Ataraxia
07-30-2011, 09:56 AM
Skitzic: Thanks for the valuable input! I know that you had recommended the Mainlands to me before and I'm definitely looking at getting one now. Did you choose gold hardware? It looks nice but I wonder if it would wear off and look cheap in time. Hard to tell.

Skitzic
08-01-2011, 04:51 AM
Skitzic: Thanks for the valuable input! I know that you had recommended the Mainlands to me before and I'm definitely looking at getting one now. Did you choose gold hardware? It looks nice but I wonder if it would wear off and look cheap in time. Hard to tell.

Both of my Mainlands have gold hardware. The soprano is less than a year old, but I have a 2009 tenor with gold hardware and it's still looking good.

What buttons are you thinking about? I really love the amber buttons. They look great with the red cedar and the mango. The pearl buttons are sharp too. At some point I'm going to swap out the black buttons on my tenor for pearl, just because I think they're prettier.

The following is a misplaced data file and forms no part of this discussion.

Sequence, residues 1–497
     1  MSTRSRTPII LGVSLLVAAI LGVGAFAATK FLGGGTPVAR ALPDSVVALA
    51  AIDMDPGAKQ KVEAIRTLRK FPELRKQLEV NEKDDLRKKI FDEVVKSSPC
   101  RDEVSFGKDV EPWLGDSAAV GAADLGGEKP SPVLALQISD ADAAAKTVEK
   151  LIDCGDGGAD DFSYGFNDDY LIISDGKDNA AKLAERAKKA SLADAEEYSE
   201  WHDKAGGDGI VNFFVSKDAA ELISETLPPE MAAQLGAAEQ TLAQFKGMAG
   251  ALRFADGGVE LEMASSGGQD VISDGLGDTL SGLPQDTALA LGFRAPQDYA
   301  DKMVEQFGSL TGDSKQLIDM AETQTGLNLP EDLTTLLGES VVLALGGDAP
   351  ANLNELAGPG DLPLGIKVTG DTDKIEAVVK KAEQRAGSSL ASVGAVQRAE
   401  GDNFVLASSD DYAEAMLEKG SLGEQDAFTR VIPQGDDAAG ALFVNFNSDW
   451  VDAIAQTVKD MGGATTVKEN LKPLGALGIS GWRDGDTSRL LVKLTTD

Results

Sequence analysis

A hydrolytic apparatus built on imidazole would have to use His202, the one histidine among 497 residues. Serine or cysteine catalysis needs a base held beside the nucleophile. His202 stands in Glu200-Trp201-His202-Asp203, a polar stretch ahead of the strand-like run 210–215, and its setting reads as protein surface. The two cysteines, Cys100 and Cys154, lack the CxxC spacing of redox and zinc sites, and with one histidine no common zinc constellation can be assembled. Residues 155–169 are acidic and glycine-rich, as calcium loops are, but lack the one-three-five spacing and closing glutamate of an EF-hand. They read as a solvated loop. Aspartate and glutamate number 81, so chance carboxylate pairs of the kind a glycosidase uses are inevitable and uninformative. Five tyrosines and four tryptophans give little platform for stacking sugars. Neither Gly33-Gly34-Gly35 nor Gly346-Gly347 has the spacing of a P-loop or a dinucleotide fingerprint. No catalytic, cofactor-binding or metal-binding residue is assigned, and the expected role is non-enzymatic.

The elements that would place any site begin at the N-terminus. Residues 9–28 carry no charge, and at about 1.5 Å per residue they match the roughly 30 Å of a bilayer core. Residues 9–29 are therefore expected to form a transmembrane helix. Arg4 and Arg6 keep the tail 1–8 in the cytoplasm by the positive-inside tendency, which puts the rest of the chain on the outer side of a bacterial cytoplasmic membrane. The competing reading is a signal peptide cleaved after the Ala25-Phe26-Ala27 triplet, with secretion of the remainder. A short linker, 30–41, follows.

OldePhart
08-01-2011, 11:43 AM
Correct me if I'm wrong, but..



That's from Ukulele World. It would imply that unless you're using more expensive pegs like the Grover 4's then they still make contact with the headstock and require the friction from the wood making contact with the tuner. I've disassembled my friction pegs when I removed them to install geared tuners, on mine at least, there was no tube in the mechanism.. just some metal teeth that make contact with the inner surface of the holes in the headstock.

The inner "teeth" on the shaft are actually there to KEEP the outer tube from turning in the wood (they are pressed into place, sometimes with a nut to hold them tight, and the teeth keep the whole assembly from rotating. If you disassemble the knob end you will usually find either a fiber or plastic washer and a washer with ridges - that's the actual friction mechanism. That's true even on the inexpensive tuners. The primary difference between the inexpensive and expensive tuners is the size and quality of the parts (i.e. you will usually find a delrin washer in the more expensive turners instead of fiber - delrin tends to operate smoothly and last forever).

John

OldePhart
08-01-2011, 11:47 AM
Heh, while we're on the subject...

I hadn't played my tenor in a few weeks. I pulled it out and was so annoyed that I had to put two or three turns on the A and G tuners to bring the strings back to pitch. I guess I've gotten used to just touching the friction tuners on my other ukes.

John